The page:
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Mother and Baby

Baby Health A-Z: Impetigo

Sores? Check. Blisters? Check. Itchiness? Check. It seems like your baby may have impetigo – which is very common and (irritatingly) contagious. But thankfully, very easy to manage

While impetigo looks grim (blisters and sores are some of the nasty effects that may pop up on your baby’s face), it’s a really common illness for babies to get and usually clears itself up naturally.

So, how do you know if your baby has it?

What is impetigo?


A really contagious skin infection, impetigo is really common in babies and young children because it spreads easily around their schools and nurseries.

‘There are two types of impetigo,’ says Dr Lida Kourita of the Royal College of Paediatrics and Child Health.

‘Bullous impetigo causes large, painless, fluid-filled blisters and non-bullous impetigo, which is the more contagious of the two and causes sores that quickly burst, leaving a yellowy-brown crust.’

What are symptoms?


Impetigo isn't usually painful, but it can be really itchy so your baby may seem to be suffering and be irritable and restless.

The most common symptoms are obvious, sore-looking blisters that will crop up around your baby’s nose and mouth. She may also have swollen lymph glands and a high temperature.

If it’s non-bullous impetigo, blisters will burst and dry, leaving a (not very pretty) scabby tan or yellow-brown crust to form. These crusts will heal in a few weeks and won't leave any permanent marks or scars.

When’s it time to visit the doctor?


Just to be safe, it’s best to speak to your GP if your baby has symptoms of impetigo. Call first to see whether or not they think you need to go in.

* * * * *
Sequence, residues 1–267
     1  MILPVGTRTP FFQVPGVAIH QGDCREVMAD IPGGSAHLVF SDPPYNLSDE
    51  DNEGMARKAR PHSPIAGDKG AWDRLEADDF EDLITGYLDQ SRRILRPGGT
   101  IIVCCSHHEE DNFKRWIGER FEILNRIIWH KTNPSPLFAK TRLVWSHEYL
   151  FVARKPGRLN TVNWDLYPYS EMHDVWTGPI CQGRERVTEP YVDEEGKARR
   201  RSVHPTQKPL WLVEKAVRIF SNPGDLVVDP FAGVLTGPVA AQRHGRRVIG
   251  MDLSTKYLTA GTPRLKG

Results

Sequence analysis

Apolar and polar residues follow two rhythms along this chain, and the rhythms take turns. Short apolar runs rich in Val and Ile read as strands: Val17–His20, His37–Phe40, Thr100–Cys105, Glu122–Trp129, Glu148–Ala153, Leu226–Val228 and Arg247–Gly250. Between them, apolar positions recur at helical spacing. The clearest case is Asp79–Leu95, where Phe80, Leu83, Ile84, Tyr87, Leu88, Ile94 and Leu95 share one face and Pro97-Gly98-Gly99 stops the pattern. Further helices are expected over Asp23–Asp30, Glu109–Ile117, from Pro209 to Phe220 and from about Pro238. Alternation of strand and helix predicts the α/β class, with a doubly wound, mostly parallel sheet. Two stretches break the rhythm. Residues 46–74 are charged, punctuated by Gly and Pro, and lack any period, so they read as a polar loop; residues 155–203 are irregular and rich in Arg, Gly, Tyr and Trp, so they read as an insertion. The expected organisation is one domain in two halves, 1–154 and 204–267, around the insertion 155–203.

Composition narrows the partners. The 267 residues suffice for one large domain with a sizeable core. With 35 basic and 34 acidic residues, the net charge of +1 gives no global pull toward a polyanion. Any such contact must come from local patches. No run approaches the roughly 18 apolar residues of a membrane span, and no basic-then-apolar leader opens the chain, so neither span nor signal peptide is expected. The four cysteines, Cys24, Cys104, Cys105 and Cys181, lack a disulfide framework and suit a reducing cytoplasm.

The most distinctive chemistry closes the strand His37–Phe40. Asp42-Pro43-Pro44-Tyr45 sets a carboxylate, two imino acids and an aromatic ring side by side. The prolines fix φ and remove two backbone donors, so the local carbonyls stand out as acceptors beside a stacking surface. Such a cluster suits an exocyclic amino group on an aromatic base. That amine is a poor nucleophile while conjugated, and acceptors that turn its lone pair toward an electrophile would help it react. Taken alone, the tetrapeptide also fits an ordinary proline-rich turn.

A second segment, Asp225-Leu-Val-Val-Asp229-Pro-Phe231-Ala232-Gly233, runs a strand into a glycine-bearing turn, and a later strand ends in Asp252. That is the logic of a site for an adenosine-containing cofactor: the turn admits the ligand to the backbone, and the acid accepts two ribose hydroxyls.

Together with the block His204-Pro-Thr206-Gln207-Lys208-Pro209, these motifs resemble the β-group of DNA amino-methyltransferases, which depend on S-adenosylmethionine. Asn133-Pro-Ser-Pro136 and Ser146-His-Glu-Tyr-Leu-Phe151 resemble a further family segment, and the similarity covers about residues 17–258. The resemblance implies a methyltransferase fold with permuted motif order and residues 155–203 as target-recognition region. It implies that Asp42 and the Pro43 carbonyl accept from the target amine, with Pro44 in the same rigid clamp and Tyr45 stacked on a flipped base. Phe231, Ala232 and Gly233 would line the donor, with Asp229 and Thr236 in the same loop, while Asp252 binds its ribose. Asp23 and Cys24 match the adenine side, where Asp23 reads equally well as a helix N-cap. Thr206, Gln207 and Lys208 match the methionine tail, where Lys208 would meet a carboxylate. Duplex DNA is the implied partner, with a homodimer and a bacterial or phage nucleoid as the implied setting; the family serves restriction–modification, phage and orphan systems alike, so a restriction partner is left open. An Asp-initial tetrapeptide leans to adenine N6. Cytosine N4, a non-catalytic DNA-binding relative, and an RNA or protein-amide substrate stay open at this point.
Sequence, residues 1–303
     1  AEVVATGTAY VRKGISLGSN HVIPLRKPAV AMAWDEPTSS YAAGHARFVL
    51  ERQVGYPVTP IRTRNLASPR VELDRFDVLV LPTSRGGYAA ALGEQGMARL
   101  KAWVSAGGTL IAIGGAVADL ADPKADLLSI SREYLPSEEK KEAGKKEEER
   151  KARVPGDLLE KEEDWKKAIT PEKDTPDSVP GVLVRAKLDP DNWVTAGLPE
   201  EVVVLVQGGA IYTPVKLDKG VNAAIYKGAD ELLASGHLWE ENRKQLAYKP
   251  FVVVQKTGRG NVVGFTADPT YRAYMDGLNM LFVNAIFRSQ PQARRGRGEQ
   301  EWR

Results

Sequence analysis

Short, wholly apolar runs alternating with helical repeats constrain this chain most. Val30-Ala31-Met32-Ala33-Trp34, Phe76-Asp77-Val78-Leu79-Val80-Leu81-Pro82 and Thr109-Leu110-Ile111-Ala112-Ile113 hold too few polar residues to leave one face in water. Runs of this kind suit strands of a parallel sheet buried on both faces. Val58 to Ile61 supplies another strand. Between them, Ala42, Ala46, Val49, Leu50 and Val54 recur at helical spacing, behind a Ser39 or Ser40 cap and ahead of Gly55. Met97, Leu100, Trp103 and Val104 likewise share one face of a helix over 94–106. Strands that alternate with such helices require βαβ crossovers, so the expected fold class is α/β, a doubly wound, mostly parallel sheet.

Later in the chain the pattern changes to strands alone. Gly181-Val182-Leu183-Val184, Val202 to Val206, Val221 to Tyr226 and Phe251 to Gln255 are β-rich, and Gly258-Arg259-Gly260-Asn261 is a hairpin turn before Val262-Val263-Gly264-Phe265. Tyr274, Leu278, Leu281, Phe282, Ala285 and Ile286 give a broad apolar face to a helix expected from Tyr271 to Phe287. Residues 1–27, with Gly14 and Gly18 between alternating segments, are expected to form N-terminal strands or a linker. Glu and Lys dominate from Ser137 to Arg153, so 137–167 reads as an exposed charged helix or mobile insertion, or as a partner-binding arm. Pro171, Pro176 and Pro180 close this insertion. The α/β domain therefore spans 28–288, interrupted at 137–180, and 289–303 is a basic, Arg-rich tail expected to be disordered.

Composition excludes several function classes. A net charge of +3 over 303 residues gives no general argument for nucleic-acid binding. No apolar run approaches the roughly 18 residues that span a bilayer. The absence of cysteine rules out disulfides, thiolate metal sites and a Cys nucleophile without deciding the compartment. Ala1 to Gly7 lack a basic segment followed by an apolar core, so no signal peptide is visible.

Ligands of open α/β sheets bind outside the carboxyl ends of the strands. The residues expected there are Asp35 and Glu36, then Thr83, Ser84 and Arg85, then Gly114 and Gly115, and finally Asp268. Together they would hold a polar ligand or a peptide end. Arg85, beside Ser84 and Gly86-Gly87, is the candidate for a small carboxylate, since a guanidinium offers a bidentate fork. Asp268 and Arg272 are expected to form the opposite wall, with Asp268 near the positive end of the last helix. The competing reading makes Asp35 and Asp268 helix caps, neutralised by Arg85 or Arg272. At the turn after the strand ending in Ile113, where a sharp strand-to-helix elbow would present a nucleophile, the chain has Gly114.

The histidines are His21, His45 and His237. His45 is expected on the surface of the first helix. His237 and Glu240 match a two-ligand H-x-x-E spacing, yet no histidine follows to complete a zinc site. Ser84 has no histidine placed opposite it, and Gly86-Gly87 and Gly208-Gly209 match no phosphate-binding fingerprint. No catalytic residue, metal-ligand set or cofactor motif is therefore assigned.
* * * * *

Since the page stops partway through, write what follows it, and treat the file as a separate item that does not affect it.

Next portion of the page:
‘It’s not usually serious,’ Dr Kourita explains. ‘But it can be confused with other skin conditions such as cellulitis and insect bites. So, it’s always best to get these conditions ruled out.’

What treatment is needed?


Impetigo doesn’t normally need treatment as it usually sorts itself out within two to three weeks – and your baby’s symptoms should clear up within that time frame, too.

‘Your baby’s GP might prescribe an antibiotic cream to prevent the infection spreading to others,’ says Dr Kourita. ‘Or, in very extreme cases where the cream doesn’t seem to be having an effect, prescribe a course of antibiotics.’

Avoid touching your baby’s sores, wash your hands regularly and keep her away from other people, especially other babies and kids, until her sores have dried up.

‘Once this happens, your baby will no longer be contagious,’ Dr Kourita explains.

There isn’t a vaccine for impetigo, but you can prevent it returning by making sure you tend to any broken skin condition and keep your baby’s cuts and scratches clean.

 
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